Astral bodies like the one she’s using are bound by the magic of the circle. Ordinarily, this would be embarrassing at best and personally dangerous at worst. But these are extraordinary circumstances.

Beyond the circle is a damp cavern, lit by torches mounted in brass sconces bolted to the stone of the cave walls. The light flickers over robed figures, gathered around a crude wooden desk. The focus of the group’s interest is on stacks of paper. A pair of scribes sit opposite each other at the desk, each working feverishly to move pages from the empty supply to the finished stacks.

That’s not the most extraordinary part. Here in the cavern, the living are outnumbered by the dead. Looking beyond the purely physical confines of the mystical circle, Charlotte discerns dozens of bound ghosts. To her surprise, not all of them are human. Some resemble primitive squids, or octopi.

What is going on here?

Perhaps magic has taken her as far as it’s going to. It’s time to try another approach: conversation.

Charlotte draws the attention of a nearby ghost. “What is going on here?” she whispers.

The ghost, seemingly dressed in clothes centuries before Charlotte’s own time, takes stock of her. “Ye don’t know?”

“I was um, summoned late, you see.”

“Ah ra. Well them ocean folk are making a pact with them folk like us.”

“Ocean folk?”

The ghost gestures. Charlotte watches, and realizes something important. Some of the robed figures aren’t just leaning over the inkwells out of random interest. They are filling the inkwells with fresh ink. From where?

Charlotte realizes the truth. From themselves.

Looking more closely, she discerns the hint of tentacles under the hoods. The light doesn’t make it easy to tell, but there it is. She looks again at the ghostly cephalopods within the circle, and wonders.

Approaching one, she squats down and tries again. “Hello.”

Hello, surface dweller.

“I’m new here. Do you mind telling me who you are, and what you’re doing here?”

The squid looks at her with its inhuman eyes. Charlotte is baffled as to what it’s thinking, but is surprised enough that it can talk to accept lesser difficulties like body language.

Your people and some of the Blood are making a pact. Both sides are exchanging knowledge.

“Who are the Blood?”

Spawn of your people and mine. Made with our science. Workers, helpers. Ambassadors to the surface.

“I see. Do you mind telling me what the agreement is about?”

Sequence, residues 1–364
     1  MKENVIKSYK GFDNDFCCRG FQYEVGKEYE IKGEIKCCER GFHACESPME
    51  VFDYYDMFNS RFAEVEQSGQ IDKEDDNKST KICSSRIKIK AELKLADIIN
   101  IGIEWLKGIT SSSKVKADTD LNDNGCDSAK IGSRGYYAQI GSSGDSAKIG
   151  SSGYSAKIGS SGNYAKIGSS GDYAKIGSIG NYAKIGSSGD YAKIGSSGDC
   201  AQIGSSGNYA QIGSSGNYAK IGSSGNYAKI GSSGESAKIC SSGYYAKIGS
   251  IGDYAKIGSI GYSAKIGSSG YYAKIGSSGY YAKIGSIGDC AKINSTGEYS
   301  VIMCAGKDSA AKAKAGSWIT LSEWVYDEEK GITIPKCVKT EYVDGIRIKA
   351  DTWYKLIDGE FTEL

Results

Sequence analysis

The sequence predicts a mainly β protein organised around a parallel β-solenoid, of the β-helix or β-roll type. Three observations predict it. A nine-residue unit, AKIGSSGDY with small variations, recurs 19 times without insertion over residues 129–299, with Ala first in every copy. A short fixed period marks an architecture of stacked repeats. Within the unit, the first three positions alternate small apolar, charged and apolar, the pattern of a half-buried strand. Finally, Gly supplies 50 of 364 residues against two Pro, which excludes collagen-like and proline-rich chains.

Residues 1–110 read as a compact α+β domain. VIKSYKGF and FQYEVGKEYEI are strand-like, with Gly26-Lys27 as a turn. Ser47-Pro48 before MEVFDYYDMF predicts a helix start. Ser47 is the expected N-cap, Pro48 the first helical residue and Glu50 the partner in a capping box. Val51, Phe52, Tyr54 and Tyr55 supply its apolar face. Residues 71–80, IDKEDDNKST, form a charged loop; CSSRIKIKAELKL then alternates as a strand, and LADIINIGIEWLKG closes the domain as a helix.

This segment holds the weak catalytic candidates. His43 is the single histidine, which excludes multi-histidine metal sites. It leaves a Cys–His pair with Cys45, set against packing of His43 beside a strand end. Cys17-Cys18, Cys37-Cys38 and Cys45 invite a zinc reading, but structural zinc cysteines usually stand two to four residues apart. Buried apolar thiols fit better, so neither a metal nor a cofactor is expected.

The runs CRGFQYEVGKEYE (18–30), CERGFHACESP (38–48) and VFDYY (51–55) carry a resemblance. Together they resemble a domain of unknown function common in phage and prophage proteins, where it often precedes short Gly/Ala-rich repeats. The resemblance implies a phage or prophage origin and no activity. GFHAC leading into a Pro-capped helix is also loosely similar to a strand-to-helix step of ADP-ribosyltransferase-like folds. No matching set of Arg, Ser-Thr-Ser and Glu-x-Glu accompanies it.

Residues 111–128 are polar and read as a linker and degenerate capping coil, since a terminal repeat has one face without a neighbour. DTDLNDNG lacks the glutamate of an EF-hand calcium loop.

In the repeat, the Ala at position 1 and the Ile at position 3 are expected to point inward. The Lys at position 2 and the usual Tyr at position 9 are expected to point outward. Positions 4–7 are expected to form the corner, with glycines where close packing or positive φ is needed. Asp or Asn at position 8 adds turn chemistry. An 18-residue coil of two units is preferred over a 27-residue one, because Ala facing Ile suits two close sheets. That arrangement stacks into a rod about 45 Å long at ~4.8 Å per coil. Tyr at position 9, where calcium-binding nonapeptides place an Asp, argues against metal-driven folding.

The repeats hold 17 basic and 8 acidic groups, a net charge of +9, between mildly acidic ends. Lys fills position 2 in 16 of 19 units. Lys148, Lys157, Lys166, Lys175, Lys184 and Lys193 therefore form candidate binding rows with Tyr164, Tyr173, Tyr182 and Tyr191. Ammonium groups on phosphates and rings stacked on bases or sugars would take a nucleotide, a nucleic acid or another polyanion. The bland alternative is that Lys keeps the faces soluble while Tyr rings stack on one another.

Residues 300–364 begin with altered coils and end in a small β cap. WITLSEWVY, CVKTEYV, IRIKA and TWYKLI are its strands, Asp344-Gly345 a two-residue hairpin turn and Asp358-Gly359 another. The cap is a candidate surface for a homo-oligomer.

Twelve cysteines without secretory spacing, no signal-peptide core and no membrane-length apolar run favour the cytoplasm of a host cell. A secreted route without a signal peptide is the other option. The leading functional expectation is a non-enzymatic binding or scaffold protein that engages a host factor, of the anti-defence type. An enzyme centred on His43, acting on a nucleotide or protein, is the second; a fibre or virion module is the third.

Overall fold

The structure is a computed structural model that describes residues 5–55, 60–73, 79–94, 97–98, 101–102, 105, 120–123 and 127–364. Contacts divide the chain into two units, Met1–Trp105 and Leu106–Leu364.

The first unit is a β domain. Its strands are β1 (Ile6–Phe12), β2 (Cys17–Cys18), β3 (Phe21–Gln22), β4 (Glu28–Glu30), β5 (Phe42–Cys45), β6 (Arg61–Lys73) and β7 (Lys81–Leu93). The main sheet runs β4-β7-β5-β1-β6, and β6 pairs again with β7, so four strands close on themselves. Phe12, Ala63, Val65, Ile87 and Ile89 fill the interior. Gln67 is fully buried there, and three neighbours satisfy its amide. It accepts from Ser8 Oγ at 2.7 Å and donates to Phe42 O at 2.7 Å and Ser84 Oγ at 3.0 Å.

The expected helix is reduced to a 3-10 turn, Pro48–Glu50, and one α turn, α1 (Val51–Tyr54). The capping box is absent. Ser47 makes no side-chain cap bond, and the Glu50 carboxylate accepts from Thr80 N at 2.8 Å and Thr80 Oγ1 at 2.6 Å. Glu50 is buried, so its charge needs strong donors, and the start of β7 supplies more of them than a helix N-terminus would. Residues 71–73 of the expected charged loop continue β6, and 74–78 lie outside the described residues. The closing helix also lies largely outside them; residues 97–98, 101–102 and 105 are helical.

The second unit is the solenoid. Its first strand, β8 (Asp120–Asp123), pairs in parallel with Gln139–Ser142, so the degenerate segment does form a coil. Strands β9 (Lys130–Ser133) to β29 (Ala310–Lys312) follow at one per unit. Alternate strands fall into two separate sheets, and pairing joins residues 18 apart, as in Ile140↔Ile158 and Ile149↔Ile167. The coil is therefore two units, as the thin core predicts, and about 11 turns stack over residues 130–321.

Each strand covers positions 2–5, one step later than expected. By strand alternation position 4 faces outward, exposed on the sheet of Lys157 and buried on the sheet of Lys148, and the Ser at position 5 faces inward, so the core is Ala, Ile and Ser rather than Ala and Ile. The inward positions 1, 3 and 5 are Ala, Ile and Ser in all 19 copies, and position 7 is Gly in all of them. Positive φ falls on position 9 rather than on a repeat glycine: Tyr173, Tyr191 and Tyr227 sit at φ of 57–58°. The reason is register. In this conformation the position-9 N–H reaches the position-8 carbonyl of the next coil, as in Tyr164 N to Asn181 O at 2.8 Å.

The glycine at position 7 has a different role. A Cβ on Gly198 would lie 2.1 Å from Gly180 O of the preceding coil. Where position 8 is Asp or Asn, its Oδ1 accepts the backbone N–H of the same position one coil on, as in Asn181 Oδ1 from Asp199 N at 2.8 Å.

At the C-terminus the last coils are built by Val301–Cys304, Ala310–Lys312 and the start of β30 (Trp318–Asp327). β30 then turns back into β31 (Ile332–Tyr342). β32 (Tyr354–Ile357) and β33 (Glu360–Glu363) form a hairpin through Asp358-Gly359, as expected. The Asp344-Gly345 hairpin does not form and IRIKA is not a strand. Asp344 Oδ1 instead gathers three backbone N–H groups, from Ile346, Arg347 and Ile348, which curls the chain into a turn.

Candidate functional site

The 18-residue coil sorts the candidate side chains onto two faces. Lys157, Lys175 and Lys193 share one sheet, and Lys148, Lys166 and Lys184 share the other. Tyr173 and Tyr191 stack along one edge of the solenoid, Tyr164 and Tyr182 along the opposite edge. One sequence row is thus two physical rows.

I don’t know. I was a scholar and a poet. The creature renders a stream of gurgles which Charlotte takes to be its name. I do know that this is not done with the Emperor’s sanction.

“How do you know that?”

The squid gestures with a tentacle, indicating the cavern. This place. This cavern is above the sacred sea. The Emperor has declared it off limits to all.

“I understand. If it’s a taboo topic, I apologize for asking, but what is its significance?”

It is where my people emerged from the deeper depths. Where we first learned of your surface world. I made quite a study of it in my lifetime.

“I see.” Charlotte pauses to think. She remembers the Hidden Family’s modus operandi. Perhaps these people, too, are binding ghosts with the intent to learn from them. And perhaps that’s why this individual is here - their knowledge of this ancient history.

“Did they ask you about that?”

No. But I saw another of my people here, earlier. She was released from the circle and questioned, then released into the stillness of the ocean beyond the current.

Charlotte rises and smiles. “Thank you so much for your information. May your poetry be read and remembered for all time.”

You are kind, surface dweller.

Time passes. Charlotte gets a sense of the rhythm. A ghost is asked out of the circle by a ritualist. They are questioned and made to answer. The two scribes take notes, using ink provided by the Blood. Each faction - human and hybrid - receives a copy of the notes.

This doesn’t seem to be the spectral empire the Hidden Family seem to desire - rule of the living by the long-dead. But it’s where the groundwork was laid. Human and cephalopod ghosts alike share secrets of science, history, and art with their necromantic masters.

It won’t be long before the possession of knowledge becomes the lust for power.

Abruptly, the demon knight Illirikim emerges from the time-stream and into the circle.

Charlotte can’t escape the circle on her own. But there’s a way out.

“Excuse me!” she calls, doing her best to attract the ritualists’ attention. “Excuse me! There’s something important you must know.”

Two of the hooded figures hear her, and look at each other. They shrug, one gestures, and the barrier parts for Charlotte.

She passes through. Behind her, the demon knight catches sight of her, and strides to catch up, but bounces off the barrier. It screeches, alarming the ghosts around it, but that is all it can do.